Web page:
Sunday, March 11, 2012

A Response from the Principal of Fragrant Hills

This goes in the bulging file entitled "I Don't Get It":
Dear FedUpMom,

Thank you for your email. I am sorry that the morning routine was difficult one. I do want to explain that our school colors are black and gold and there are times throughout the school year in which we have spirit days and we do encourage the children to wear these colors. It is not mandated and we want for families to feel comfortable with what the children are wearing to school.

The PSSAs are a stressful assessment. The goal of the Basketball game this afternoon was for the staff members to play a short game with the children cheering as a way to come together as a school community in a fun way and for the students see us working hard and doing our best- even basketball is not a sport in which we excel. We saw this as a way to model for the students that we want for them all to do their best and work as a team when appropriate. The goal of the afternoon was not to celebrate the PSSAs but rather to celebrate the hard work the children engaged in this school year.

I hope that this provides some additional insight into the goal of this afternoon and we will be very mindful of your feedback when we are holding spirit days in the future.

[Principal of Fragrant Hills Elementary School]
What the #$%^@&*#? The kids were cheering while the teachers played basketball? What could possibly be the point? I can guarantee you that my daughter would have vastly preferred running around the court herself, and gotten a lot more out of it.

What does the PSSA have to do with teamwork? If the kids try to help each other on the test, it's called cheating. (Does the school want that?)

I'm glad I don't work in that school — I don't know the rules for basketball! (Yet another example of assuming that sports are a universal interest.) I'm sure Younger Daughter doesn't know the rules for basketball either.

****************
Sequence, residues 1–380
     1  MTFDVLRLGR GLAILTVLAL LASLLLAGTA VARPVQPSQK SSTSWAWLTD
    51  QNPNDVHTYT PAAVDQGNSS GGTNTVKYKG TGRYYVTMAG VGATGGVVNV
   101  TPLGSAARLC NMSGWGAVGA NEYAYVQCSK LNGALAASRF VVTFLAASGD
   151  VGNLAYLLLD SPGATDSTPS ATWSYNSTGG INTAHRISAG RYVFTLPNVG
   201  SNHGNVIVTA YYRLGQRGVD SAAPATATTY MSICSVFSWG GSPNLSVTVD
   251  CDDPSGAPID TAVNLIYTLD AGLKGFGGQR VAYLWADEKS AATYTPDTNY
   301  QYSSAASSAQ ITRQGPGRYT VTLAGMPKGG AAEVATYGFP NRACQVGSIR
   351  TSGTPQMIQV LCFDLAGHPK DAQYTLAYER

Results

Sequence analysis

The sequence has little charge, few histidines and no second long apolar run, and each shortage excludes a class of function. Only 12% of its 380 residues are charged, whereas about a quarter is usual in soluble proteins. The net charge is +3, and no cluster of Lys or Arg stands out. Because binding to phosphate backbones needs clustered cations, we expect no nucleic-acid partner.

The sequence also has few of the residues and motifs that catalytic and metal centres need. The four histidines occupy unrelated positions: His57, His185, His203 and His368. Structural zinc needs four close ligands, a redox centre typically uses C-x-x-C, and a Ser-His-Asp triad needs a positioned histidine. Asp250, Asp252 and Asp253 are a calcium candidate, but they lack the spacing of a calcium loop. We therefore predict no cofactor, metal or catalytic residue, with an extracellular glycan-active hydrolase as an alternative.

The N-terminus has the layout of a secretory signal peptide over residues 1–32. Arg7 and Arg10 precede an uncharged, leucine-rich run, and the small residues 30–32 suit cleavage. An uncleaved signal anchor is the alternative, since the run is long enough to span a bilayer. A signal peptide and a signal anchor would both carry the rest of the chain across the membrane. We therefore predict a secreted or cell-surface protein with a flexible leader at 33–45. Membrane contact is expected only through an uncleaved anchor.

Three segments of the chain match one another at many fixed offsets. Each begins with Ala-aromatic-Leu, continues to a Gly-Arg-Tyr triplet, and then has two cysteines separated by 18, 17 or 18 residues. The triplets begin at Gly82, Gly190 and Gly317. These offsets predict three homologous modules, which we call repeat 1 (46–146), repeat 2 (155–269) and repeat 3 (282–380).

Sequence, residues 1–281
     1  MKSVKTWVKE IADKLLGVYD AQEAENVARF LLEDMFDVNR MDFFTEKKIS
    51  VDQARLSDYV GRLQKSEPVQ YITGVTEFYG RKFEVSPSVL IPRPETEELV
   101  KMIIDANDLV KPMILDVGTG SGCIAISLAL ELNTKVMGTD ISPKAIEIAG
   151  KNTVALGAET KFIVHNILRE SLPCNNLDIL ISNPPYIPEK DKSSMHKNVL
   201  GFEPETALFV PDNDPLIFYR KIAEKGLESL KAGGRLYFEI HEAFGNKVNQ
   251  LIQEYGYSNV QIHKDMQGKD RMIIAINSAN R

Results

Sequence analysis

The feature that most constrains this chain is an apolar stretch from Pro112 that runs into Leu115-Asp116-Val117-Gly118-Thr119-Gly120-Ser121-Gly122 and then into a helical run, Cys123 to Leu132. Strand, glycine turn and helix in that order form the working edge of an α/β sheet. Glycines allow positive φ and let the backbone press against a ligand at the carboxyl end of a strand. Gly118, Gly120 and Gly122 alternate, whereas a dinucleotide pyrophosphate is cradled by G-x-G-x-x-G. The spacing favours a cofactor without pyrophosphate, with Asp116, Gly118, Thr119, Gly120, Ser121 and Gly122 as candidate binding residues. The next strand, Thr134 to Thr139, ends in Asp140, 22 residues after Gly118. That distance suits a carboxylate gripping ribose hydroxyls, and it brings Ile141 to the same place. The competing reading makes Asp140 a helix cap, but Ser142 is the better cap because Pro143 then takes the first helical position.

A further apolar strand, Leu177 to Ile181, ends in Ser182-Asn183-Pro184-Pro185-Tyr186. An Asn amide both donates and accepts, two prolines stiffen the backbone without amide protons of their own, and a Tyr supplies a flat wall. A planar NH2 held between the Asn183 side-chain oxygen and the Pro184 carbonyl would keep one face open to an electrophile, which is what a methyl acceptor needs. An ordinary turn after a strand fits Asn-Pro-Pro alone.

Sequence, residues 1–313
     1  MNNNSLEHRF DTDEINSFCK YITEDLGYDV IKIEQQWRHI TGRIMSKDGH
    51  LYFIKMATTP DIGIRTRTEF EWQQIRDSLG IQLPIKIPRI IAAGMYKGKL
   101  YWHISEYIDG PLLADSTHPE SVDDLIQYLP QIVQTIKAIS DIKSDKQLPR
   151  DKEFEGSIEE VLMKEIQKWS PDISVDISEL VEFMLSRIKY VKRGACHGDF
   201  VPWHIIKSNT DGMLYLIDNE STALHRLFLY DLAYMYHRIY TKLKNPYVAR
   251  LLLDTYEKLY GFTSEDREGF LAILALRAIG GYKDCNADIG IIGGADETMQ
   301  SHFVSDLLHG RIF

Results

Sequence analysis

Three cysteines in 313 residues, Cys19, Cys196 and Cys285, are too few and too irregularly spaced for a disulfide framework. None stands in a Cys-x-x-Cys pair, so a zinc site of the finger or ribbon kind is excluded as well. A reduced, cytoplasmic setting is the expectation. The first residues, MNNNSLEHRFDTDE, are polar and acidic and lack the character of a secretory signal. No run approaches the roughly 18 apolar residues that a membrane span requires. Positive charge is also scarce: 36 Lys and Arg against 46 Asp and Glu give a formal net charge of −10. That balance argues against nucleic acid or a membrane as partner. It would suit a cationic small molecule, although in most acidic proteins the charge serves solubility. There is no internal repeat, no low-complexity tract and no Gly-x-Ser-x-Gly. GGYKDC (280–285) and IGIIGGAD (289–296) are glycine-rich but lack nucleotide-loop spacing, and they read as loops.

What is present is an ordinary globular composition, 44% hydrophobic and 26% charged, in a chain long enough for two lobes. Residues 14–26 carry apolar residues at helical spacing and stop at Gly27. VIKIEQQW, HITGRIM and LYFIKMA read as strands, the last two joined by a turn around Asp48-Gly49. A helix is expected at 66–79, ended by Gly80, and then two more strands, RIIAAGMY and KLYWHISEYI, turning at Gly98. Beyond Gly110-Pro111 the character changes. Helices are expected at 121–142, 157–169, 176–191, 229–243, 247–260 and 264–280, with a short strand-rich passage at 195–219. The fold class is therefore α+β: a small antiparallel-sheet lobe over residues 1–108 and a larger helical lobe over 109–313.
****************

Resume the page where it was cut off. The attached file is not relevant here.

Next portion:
This doesn't descend to the level of Stupid Principal Tricks, but I think it shows the same myopia and lack of understanding of the child's point of view. I don't think young children find it the least bit reassuring to watch their teachers do something badly. They know the teachers are in charge and they want to be able to trust them and feel confident in their judgement.

I could never have predicted when Older Daughter first started school the sheer level of wackiness of the stuff that goes on. People can have debates about whether schools are too traditional or too progressive, but stuff like this doesn't fall clearly into any camp. It's just head-scratching peculiar.


  1. If your daughter doesn't know the rules for basketball, she'll learn them soon enough. Some of my gym-class related trauma was due to the fact that I didn't know the rules of any sport except baseball. My dad watched baseball but that was it.

    So on the off-chance I actually caught the football (which probably never happened), I didn't know what to do with it.

    Our P.E. curriculum tried to resolve that problem in 9th grade by giving us quizzes on the rules of football and basketball, for which I didn't study and failed.

    I'm guessing most of the students enjoyed the basketball game far more than math class or whatever it replaced, though. If teachers and principals truly disliked standardized tests as much as they claim, they wouldn't do this kind of thing. The test would be a one-day event rather than something discussed months in advance.

  2. I think the teachers and administration are projecting their own problems onto the kids. They're stressed out about the PSSAs, so they figure the kids are too. They think it might help them chill out to have a basketball game, so they bring the kids in to cheer them on.

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